Last week, I read a post over on Finding the Universe about the myth that explains how the volcanoes on New Zealand’s North Island were formed.
I love these sorts of stories.
The Maori people have all sorts of myths and legends for how things in New Zealand came to be. They even have one for the country itself, in which a demi-god named Maui hooked the North Island and fished it up out of the sea.
One of my favorite Maori myths, however, is a lesser-known one: the legend of Lake Wakatipu.
Lake Wakatipu is a deep, S-shaped lake on New Zealand’s South Island. The popular resort town of Queenstown sits right on its shores, and it’s flanked by the aptly-named Remarkables mountain range.
The lake was, in reality, formed by glaciers cutting through the Southern Alps 15,000 years ago.
But I like the Maori legend of the lake much better.
At the heart of the legend is Manata, the beautiful daughter of a local Maori chief, who was forbidden to marry Matakauri, the man she loved.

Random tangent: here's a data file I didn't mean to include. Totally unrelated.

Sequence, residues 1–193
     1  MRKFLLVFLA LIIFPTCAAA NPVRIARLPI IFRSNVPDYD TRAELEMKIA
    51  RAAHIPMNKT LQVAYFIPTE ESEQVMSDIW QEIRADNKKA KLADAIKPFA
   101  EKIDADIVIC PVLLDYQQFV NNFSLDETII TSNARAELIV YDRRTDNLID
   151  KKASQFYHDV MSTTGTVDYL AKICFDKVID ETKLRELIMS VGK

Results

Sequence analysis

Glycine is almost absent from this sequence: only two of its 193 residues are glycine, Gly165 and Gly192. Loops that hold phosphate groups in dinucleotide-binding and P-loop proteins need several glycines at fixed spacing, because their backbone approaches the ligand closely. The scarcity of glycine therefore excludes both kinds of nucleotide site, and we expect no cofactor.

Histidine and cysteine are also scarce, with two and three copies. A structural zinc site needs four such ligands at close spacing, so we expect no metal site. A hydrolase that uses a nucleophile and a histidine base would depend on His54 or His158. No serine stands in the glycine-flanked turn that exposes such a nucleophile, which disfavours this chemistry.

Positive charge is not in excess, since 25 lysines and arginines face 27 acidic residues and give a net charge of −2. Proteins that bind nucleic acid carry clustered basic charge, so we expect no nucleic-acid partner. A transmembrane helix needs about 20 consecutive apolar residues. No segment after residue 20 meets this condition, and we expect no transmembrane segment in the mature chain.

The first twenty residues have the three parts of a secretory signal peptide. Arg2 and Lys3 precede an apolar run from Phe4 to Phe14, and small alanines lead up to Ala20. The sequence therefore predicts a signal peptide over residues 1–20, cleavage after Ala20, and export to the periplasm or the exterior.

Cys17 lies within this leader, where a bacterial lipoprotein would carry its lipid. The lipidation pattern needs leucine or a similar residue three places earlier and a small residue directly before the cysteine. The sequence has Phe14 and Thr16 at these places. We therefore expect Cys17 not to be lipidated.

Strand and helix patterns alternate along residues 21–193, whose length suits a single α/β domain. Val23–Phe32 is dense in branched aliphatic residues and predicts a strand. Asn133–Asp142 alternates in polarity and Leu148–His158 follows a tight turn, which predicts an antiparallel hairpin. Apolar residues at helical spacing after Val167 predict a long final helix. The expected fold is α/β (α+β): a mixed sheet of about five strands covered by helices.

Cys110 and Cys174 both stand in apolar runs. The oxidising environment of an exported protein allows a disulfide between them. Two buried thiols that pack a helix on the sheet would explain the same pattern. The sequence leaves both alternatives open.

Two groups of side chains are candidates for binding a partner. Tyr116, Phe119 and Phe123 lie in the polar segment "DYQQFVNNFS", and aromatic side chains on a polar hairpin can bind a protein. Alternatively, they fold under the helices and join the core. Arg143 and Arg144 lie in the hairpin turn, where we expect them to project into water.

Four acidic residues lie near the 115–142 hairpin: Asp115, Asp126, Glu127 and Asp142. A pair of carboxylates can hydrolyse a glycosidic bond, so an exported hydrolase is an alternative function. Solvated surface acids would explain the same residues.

One night, Manata was kidnapped by a fierce giant from the mountains named Matau. The chief was so distraught about his daughter that he promised Manata’s hand in marriage to the man from the tribe who could rescue her.
Matakauri snuck into Matau’s lair under cover of darkness and rescued Manata, and the two were happily married at last.
But Matakauri wanted to be sure that Matau would never threaten his wife or tribe again, so he once again stole away into the mountains. He found Matau asleep, curled up on his giant side. Matakauri set fire to him, burning him where he lay.
The fire burned a deep gouge into the earth and caused the ice and snow on the surrounding mountains to melt — forming Lake Wakatipu. The name translates to “Hollow of the Giant.”
Today, the town of Glenorchy sits at Matau’s head, Queenstown on his knee, and Kingston at his feet. The waters of the lake rise and fall up to 5 inches every few minutes, and this is said to be caused by Matau’s still-beating heart, which could not be destroyed.
Science explains away the rise-and-fall of the lake water, attributing it to changes in atmospheric pressure.
But I like the giant myth much better.
Do you have any favorite myths or legends from places you’ve traveled to? Share them in the comments below!